PHOENIX — Arizona Gov. Doug Ducey on Friday announced he had reached a deal with majority Republican lawmakers on a state budget that does not address demands of striking teachers. Meanwhile, education advocates filed a ballot initiative to increase income taxes on high-wage earners to fund public education.
The budget deal comes as the Republican governor who is running for re-election ignored tens of thousands of teachers who demonstrated at the Capitol on Thursday and Friday. Ducey spokesman Daniel Scarpinato said the budget deal includes the first installment of a raise that would boost teacher pay by 20 percent by 2020.
It also adds $100 million proposed in January as the first installment in restoring recession-era cuts. School districts could use that cash for support staff pay increases, new textbooks or anything else they need.
"The plan is to address this issue in a sustainable way that rewards our teachers for the work they have done and provides them a pay raise that they have earned," Scarpinato said. "As well as additional dollars that districts have said they intend to use for support staff raises, textbooks, building repairs, fully funding inflation and not playing shell games with other pots of money."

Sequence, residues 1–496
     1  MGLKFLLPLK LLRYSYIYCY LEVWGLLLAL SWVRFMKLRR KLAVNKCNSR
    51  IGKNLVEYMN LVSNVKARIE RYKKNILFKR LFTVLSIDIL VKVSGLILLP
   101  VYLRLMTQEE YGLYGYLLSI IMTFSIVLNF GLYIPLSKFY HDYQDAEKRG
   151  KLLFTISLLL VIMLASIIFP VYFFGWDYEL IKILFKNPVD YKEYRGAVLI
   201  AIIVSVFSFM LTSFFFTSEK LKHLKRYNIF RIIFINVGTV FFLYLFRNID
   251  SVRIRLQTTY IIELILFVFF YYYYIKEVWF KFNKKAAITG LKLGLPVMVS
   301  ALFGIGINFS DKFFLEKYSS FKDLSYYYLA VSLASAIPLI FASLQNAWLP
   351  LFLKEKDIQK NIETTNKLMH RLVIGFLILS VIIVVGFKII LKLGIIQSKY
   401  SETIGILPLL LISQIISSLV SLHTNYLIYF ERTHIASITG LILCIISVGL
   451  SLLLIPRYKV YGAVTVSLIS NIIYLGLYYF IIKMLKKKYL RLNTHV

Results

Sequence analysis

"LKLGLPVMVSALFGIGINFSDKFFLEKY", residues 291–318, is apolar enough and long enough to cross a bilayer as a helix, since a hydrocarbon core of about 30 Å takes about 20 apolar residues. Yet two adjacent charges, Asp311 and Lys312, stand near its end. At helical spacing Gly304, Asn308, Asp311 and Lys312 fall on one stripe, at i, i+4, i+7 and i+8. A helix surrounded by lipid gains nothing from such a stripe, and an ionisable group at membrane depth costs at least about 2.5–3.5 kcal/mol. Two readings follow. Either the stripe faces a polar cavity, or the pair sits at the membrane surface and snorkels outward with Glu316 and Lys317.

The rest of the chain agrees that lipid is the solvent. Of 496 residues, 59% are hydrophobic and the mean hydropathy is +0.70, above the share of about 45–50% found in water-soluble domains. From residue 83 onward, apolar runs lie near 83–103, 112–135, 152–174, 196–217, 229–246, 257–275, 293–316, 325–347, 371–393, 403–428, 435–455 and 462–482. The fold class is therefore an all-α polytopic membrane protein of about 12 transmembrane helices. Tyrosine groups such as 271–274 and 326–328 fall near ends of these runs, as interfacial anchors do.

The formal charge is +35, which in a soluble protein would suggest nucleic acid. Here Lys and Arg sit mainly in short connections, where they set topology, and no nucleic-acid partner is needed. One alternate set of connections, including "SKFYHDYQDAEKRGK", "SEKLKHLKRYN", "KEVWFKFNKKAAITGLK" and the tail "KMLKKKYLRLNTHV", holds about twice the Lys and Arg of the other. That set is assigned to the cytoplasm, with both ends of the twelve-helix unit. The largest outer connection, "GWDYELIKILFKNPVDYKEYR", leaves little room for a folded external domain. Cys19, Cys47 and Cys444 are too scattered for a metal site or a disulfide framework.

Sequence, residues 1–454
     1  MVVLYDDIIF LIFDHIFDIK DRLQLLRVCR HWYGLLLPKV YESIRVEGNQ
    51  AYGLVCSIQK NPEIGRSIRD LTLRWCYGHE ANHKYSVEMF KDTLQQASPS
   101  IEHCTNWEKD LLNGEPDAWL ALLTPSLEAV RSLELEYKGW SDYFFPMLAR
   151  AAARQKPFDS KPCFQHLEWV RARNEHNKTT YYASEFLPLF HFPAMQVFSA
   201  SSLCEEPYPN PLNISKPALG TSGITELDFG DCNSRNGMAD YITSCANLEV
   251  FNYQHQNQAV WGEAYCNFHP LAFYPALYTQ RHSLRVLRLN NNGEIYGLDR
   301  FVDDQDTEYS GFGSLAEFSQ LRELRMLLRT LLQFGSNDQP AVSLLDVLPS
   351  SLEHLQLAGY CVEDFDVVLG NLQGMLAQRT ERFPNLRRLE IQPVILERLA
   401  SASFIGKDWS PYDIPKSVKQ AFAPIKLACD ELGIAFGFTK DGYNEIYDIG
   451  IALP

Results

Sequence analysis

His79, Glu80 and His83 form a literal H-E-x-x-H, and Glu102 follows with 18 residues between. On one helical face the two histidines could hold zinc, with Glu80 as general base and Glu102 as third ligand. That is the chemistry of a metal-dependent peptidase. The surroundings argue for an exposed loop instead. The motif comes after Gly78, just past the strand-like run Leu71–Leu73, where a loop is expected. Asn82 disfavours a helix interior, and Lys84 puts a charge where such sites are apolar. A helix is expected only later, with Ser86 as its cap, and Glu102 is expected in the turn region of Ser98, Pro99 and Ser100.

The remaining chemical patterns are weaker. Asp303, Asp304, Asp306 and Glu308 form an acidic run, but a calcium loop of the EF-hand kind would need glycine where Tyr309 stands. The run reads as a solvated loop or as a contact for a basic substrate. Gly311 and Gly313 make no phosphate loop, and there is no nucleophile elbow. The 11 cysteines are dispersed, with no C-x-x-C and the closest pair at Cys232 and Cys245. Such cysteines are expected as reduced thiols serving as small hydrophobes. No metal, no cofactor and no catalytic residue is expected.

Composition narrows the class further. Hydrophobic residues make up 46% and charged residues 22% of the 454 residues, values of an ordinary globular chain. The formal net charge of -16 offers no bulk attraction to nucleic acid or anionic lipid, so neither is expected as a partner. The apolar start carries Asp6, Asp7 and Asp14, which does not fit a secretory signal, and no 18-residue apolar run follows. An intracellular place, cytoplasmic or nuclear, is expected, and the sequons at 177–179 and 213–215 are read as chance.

Education advocates have been wary of the Republican governor's plan, saying it relies on rosy revenue projections. Instead, they're pushing for a new source of school funding.
The Invest in Education Act would raise the income tax rate by 3.46 percent on individual incomes more than $250,000 or household incomes higher than $500,000. The rate would increase 4.46 percent for individual incomes over $500,000 and household incomes over $1 million.
Sixty percent of the new funds would go toward teacher salaries. Forty percent would go to all-day kindergarten and pay raises for support staff.
The measure was filed by David Lujan, director of the Arizona Center for Economic Progress and Mesa teacher Joshua Buckley. Buckley said it's up to educators, parents and other community leaders to act if the legislature will not provide a new dedicated funding stream.
"If this movement has not stirred them to action, real, lasting action, then they will never get it," Buckley said.
The Arizona Chamber of Commerce was quick to criticize the plan. President and CEO Glenn Hammer said in a news release that there's "never a good time" to raise income taxes on small businesses and employees.
"The tax brackets that would be targeted under this initiative historically have the most volatile collections, with wild dips in economic downturns, which would put teacher pay at a terrible risk," he said.
House Speaker J.D. Mesnard said final details of $10 billion-plus budget would be worked out over the weekend. He also said it relies less on new revenue than the plan Ducey announced two weeks ago, ensuring it is more sustainable.
Mesnard said teachers who have been demanding a full restoration of more than $1 billion in yearly cuts since the Great Recession should be pleasantly surprised.
"It should put us, by the time we're done, pretty close to where we were on an adjusted for inflation basis to where we were in 2008 on per pupil funding," he said.